May 2024


Using Apple’s iCloud Passwords Outside Safari

We regularly recommend using a password manager like 1Password, and for good reason. Passkeys may eventually take over—and I hope to explore them soon—but until that time, we’re stuck with passwords, and managing them manually is less secure and vastly more work. For many years, solutions like 1Password, BitWarden, Dashlane, and LastPass (which I no longer recommend—see “LastPass Publishes More Details about Its Data Breaches,” 3 March 2023) fell into the must-have category.

Apple’s Keychain Access utility has long provided basic password management capabilities in macOS but has never been particularly convenient to use. With macOS 12 Monterey, iOS 15, and iPadOS 15, Apple gave passwords a better user-facing interface in System Preferences and Safari on the Mac and the Settings app on the iPhone and iPad. Although the settings screens are labeled Passwords and the iCloud-based password syncing feature is called iCloud Keychain, Apple doesn’t seem to have a formal name for the totality of these password management features, making it hard to talk about them in the same sentence as something like 1Password. For this article, I will use the name iCloud Passwords for reasons that will soon become obvious.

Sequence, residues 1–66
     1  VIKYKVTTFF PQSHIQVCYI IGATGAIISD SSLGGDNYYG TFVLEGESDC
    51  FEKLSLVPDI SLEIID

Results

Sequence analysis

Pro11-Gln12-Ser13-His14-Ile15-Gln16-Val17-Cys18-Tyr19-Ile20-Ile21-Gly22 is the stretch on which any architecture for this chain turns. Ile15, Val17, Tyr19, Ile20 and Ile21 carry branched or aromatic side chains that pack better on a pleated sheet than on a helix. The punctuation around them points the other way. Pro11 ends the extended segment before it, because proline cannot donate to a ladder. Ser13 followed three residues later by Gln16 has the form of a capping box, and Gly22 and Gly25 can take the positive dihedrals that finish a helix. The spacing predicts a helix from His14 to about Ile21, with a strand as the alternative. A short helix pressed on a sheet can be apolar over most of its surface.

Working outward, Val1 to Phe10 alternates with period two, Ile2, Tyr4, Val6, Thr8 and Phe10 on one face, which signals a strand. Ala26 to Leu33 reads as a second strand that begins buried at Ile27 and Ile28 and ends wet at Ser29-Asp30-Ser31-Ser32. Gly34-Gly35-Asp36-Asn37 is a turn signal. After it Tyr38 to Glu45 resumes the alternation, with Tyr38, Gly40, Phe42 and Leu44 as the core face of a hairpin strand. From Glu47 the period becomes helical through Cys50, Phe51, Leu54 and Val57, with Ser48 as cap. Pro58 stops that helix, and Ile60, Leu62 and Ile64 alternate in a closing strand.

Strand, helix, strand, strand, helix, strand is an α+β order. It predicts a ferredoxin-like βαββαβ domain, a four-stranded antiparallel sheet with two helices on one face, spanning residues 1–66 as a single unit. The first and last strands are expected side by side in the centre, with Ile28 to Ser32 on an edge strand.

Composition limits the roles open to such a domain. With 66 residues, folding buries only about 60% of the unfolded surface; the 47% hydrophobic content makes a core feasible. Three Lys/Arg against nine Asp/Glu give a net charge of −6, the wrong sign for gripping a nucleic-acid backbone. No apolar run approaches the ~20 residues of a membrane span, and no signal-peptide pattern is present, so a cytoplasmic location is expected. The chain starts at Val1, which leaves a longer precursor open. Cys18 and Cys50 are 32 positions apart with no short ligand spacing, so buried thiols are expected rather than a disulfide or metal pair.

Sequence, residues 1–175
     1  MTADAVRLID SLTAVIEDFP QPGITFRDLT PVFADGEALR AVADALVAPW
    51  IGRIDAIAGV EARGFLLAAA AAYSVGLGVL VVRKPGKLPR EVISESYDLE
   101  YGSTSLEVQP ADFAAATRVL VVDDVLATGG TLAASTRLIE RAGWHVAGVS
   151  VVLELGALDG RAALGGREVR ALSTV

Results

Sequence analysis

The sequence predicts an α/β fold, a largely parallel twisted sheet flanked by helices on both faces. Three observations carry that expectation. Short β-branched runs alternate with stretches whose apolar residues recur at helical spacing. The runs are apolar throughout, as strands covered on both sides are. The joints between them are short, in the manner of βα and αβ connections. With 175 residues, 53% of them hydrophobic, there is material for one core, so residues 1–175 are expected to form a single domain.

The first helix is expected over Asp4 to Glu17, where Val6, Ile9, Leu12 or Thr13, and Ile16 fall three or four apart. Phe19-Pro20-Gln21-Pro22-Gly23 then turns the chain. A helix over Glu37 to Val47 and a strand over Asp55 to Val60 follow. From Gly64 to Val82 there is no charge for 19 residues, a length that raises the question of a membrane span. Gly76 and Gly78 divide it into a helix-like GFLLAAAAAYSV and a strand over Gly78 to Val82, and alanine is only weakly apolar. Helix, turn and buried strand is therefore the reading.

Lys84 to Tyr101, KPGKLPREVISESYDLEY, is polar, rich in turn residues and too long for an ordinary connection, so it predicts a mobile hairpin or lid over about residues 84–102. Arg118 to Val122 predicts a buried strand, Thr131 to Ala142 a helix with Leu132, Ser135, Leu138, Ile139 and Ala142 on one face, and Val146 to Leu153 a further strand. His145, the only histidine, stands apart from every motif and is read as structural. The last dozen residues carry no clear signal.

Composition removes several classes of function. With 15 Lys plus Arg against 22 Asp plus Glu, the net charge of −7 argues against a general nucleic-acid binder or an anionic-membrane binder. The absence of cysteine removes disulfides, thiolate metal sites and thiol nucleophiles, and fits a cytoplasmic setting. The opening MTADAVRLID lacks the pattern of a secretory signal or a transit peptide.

Although iCloud Passwords didn’t—and still doesn’t—have full feature parity with third-party password managers, it was pretty good. It offered all the basics, such as auto-fill, editing, searching, and even syncing through iCloud Keychain. Over time, Apple added support for one-time passwords, password sharing, and more. Importantly, it’s also completely free.